Saturday, 28 February 2009

Mackerel Fishcakes

I decided to treat myself while on my weekly trip to the supermarket. In order to keep my running costs down and force myself to buy from local producers, I've been limiting the meat and fish that I allow myself to buy during my regular trip to a certain out-of-town retailer. Meat is expensive so, although I'd never describe myself as a vegetarian, I tend to live off vegetables and pulses which the odd big of bacon thrown in for good measure. When my budget allows and my cravings get too much, I'll try to buy from the most local butcher to me. However, this week some smoked mackerel caught my eye during my usual trolley race so in it went! More often than not, smoked mackerel, for me, is a summer purchase that is eaten with salads so I was a bit lost for ideas after my first meal. Then it occurred to me: fishcakes! Here's my concoction for you to try:

Mackerel Fishcakes

Ingredients (to make eight fishcakes):
250g smoked mackerel
250g potatoes
1 beaten egg
1 tbsp plain flour
breadcrumbs

- Peel, quarter and boil potatoes until cooked through and mash.

- While this is cooking, flake the mackerel taking care to remove any bones.

- Mix the mackerel, mashed potato and about 1tbsp of beaten egg (to bind) in a bowl and form into small patties. You can do this by dividing the mixture, rolling it into balls and then flattening them slightly.

- It is probably best, at this stage, to refrigerate your fishcakes for at least half an hour to firm them up which makes the next step easier. However, if you're in a hurry, you can always skip this.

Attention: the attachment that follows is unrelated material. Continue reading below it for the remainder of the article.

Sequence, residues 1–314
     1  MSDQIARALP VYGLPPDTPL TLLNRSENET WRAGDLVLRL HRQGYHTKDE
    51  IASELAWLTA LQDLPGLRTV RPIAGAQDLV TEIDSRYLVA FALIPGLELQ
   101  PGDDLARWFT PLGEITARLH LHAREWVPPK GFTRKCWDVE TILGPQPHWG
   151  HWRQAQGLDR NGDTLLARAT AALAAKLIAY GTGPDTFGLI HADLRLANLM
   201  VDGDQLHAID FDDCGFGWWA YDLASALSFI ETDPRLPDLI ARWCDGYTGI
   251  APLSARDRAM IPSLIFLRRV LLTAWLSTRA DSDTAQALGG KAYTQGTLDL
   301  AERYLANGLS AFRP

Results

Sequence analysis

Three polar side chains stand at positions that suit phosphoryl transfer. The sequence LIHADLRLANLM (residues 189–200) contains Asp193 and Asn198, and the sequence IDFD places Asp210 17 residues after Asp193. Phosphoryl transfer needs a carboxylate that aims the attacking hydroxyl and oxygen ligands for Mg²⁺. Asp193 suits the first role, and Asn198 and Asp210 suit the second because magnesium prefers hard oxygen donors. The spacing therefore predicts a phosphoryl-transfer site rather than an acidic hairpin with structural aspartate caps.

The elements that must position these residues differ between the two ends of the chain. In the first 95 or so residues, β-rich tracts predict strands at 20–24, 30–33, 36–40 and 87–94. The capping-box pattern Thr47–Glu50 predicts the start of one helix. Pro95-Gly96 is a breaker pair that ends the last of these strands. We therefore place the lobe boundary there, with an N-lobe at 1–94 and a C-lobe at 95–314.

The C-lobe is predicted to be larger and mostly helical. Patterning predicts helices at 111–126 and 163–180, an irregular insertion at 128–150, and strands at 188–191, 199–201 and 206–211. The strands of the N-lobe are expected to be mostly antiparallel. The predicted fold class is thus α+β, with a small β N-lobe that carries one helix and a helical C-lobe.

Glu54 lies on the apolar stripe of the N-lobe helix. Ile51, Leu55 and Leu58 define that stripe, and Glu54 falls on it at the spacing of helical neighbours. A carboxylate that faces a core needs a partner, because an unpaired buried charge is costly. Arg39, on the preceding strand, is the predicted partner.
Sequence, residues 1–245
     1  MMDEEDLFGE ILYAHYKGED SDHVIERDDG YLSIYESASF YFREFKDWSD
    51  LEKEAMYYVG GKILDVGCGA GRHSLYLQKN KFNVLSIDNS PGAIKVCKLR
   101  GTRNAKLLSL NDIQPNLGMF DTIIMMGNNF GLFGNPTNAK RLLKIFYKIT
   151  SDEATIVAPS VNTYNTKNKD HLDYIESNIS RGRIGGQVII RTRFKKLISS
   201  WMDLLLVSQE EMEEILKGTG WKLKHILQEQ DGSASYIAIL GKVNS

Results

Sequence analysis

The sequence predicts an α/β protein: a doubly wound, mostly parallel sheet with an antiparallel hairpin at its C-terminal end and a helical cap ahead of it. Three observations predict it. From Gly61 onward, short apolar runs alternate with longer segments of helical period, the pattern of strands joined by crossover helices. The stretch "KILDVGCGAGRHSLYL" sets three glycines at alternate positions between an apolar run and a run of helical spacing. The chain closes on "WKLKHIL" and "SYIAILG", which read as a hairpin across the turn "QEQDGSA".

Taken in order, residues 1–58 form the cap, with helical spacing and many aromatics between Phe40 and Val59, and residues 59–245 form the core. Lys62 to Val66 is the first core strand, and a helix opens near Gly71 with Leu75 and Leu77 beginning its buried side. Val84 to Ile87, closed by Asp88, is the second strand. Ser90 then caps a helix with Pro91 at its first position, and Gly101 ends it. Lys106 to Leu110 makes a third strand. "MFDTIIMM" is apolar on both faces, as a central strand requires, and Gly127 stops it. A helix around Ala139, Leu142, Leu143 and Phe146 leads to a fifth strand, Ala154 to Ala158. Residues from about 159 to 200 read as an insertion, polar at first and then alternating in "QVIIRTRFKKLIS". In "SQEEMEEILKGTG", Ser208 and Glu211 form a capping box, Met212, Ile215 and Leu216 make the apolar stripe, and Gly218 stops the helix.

- Prepare three large plates or bowls with: a sprinkling of plain flour, the remaining beaten egg and another with breadcrumbs.

- Sparsely coat each cake with a little flour on each side, then with egg wash and then with breadcrumbs.

- Fry the fishcakes in a little oil over a medium heat for three to four minutes, turning every so often to cook evenly. The outer breadcrumbs with brown slightly. If they start to burn, lower the temperature.


Variations:
This, of course, would work with tinned tuna or salmon if you don't have mackerel. I chopped up some peppadew peppers and added them to the mixture to add some spice. You could also try a touch of dried or fresh chilli. A teaspoon of ready-made thai green or red curry paste and/or some finely chopped lemon grass or corriander would give a pleasing thai flavour. Red or green pesto could also work well.

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